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Jon Goulder’s 11.12 at FORM

Paul McGillick reports on Perth’s coming of age.

Jon Goulder’s 11.12 at FORM


February 18th, 2010

Jon Goulder’s exhibition 11.12 at FORM in Perth shows why the new Midland Atelier will change the face of design in Australia.

In Perth, FORM has celebrated the coming-of-age of its Midland Atelier project with a splendid exhibition at its Murray Street space by Jon Goulder.

It’s five years now since Goulder crossed the continent to work with FORM on its Designing Futures programme and help shape the Atelier – an adaptive re-use of the Midland railway workshops to provide studio facilities for a whole range of designers (furniture, lighting, jewellery, sculpture and public art), along with administration and function amenities, cafes and exhibition spaces.

This exhibition is the culmination of Goulder’s work as the very first designer-in-residence and it consists of fifteen pieces, including iconic pieces such as the Leda Seat, Calypso Lounge and Stak Stool, as well as eleven new pieces made over the last twelves months – hence the title of the show: 11.12.

There was a massive turn-out for the launch, with the exhibition opened by the Western Australian Treasurer, Troy Buswell, who delighted many with his concluding comment that it was time Western Australia (and Australia as a whole) went beyond the quarry and started to cultivate its creative talent.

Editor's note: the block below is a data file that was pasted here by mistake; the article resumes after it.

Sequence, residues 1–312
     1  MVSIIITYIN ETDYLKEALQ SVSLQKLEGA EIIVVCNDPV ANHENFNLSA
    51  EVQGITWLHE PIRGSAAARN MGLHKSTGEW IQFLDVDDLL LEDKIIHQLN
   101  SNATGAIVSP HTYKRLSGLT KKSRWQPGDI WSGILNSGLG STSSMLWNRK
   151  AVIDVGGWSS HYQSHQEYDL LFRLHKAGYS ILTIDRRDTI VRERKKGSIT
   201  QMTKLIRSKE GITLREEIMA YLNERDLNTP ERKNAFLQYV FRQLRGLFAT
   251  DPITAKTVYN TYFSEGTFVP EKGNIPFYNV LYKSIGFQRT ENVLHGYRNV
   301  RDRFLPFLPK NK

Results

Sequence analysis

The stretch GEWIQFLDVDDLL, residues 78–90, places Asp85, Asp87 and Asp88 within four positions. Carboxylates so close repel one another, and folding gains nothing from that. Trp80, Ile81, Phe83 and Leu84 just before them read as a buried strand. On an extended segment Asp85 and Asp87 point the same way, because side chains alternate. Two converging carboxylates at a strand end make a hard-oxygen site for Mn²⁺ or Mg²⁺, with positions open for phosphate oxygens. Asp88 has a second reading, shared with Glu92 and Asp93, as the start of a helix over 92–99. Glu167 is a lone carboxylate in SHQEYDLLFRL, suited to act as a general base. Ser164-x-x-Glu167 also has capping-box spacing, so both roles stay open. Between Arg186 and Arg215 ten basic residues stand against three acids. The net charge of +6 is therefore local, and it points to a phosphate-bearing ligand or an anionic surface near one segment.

All the new work in Goulder’s show was developed at the Midland Atelier which surely has to be the most visionary project of its kind in Australia. Space and facilities are what creative people need most.

Add to that the concentration of creatives in the physically exciting location which the Atelier provides, and one has a mix of enormous potential.

Goulder’s rigorously resolved and stunningly detailed furniture pieces are a glowing endorsement of what this amenity can engender. At the same time, with the range of work in this exhibition, Goulder has set out to demonstrate a model of how a studio-based designer can be financially viable and still invest in highly crafted furniture.

He sees it as a ’threefold path’ – namely, design for royalty-based agreements with manufacturers, limited batch in-house production and one-off experiments or custom pieces (such as the extraordinary two-piece reception desk carved from solid Australian Oak which he built in collaboration with Malcolm Harris for Wesfarmers’ Perth headquarters).

A triumph for Goulder and a triumph for FORM, the Midland Atelier signals a major step forward in the evolution of an Australian design culture.


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